Turkey's dramatic air campaign against the Islamic State and Kurdish forces has created a bit of a conundrum for U.S. President Barack Obama, who is leading the fight against one of Turkey's targets while relying heavily on the other target.
In her second bid for the presidency, Hillary Rodham Clinton is discussing "systemic racism" and making the issue a hallmark of her campaign, as she looks to connect with the black voters who supported rival Barack Obama in 2008.
Critics of the Iran nuclear deal claim it is flawed, among many reasons, because it does not demand that Tehran also change its behavior at home and abroad. That complaint ignores the United States' long history of striking arms control agreements with the Soviet Union, a far more dangerous enemy.
As U.S. President Barack Obama returns to Africa this week, his signature program to help the continent double its access to electricity is in jeopardy, undermined by Congress' refusal to reauthorize the Export-Import Bank.
For John Kerry, vindication came at midnight. As last Monday became Tuesday in Vienna, the U.S. secretary of state picked up the telephone in his first-floor room at the ornate, 19th-century Palais Coburg and called the White House.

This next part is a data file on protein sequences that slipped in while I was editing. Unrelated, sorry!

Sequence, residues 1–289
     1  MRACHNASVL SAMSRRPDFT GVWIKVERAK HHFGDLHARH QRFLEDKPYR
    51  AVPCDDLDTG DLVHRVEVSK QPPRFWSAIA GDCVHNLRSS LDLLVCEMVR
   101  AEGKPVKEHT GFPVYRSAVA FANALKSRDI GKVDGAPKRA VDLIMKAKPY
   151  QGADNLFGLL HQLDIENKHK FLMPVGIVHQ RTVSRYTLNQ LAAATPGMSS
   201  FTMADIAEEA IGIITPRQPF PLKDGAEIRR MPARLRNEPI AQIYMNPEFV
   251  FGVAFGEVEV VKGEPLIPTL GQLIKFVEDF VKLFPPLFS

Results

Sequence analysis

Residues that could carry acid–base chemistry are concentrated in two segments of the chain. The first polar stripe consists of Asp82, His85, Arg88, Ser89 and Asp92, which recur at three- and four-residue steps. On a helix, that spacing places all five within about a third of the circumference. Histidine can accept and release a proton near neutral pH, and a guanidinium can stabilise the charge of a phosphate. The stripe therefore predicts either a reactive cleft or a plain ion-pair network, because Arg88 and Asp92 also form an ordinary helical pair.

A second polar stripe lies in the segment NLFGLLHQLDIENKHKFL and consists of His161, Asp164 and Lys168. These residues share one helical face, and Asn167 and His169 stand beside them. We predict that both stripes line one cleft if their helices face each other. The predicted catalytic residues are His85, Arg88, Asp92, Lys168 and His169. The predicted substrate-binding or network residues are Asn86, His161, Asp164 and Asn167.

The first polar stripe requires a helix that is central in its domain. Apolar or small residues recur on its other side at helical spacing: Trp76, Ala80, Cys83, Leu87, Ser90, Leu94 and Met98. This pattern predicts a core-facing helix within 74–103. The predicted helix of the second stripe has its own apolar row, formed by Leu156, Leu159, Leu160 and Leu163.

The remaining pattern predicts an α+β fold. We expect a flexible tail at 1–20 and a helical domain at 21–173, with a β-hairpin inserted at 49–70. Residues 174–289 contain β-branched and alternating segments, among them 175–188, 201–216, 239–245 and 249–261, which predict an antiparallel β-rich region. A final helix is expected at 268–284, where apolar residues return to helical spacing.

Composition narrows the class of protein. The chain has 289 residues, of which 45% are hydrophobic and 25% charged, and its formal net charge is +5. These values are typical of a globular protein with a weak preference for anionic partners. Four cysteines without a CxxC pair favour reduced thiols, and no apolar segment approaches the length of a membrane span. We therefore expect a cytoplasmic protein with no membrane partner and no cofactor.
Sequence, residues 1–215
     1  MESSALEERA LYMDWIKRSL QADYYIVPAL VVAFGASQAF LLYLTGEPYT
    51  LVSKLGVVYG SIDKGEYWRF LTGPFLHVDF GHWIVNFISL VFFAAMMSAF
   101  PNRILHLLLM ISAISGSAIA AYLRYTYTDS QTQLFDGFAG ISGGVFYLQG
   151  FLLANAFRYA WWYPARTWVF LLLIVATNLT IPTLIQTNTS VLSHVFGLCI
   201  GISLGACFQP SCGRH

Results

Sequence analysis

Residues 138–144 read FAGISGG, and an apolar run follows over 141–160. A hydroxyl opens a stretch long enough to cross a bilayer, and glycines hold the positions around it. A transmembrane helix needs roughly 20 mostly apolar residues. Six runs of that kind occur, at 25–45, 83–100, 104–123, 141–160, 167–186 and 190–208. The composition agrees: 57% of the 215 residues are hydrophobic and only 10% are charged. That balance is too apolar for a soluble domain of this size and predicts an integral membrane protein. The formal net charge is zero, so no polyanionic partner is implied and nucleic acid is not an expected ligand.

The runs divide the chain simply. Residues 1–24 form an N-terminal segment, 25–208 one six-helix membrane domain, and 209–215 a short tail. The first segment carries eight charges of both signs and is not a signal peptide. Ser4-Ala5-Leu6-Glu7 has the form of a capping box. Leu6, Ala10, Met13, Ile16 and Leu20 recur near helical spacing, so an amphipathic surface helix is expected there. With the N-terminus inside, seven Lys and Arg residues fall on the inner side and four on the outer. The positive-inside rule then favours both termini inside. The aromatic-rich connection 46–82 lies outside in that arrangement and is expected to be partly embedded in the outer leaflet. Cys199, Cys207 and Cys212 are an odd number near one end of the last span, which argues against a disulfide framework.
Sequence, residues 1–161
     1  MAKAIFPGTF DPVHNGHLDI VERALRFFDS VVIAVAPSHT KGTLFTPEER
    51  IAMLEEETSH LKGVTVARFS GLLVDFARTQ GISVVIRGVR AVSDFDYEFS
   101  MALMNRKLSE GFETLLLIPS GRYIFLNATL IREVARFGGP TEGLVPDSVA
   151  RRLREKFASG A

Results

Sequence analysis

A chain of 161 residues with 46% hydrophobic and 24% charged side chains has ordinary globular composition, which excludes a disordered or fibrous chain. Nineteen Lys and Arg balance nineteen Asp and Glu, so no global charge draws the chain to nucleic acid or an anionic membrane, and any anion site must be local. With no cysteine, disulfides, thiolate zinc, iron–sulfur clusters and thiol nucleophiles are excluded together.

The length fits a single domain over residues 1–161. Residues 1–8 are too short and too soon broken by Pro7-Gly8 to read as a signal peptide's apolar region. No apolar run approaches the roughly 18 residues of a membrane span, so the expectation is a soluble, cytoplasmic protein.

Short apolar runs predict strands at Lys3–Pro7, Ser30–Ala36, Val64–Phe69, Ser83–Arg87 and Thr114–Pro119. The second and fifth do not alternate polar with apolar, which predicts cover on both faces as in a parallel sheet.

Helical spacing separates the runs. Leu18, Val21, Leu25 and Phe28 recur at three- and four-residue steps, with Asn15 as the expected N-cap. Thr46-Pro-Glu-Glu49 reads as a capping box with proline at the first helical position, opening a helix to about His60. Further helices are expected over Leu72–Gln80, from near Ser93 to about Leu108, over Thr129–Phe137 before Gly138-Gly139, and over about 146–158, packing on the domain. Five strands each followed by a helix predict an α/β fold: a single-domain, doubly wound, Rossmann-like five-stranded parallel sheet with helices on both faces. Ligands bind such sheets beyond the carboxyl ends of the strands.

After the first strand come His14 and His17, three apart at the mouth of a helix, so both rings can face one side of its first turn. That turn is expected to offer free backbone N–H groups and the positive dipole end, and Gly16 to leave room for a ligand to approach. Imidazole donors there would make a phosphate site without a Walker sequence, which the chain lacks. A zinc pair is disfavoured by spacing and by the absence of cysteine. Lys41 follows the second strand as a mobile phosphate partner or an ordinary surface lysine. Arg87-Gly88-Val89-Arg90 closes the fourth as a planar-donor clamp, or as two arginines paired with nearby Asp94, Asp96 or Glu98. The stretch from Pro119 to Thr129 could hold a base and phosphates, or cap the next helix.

Members of the U.S. Republican Party fall into two camps when it comes to Democratic Party President Barack Obama's nuclear deal with Iran.
Greece's bailout deal isn't a deal -- yet. It only becomes one if Greece meets tough conditions, like quickly passing a slew of far-reaching economic reforms, cuts and privatizations.
As things stand now, Greece can't pay its debts. That's what more and more people -- including now the International Monetary Fund and even, it seems, Germany's finance minister -- are saying.
Is the world really evolving toward multipolarity? No one can predict the future, but on the available evidence, I doubt it.
2015/7/12, 1 Comment
There's economic reality. Then there's the Chinese stock market. The two usually occupy parallel universes.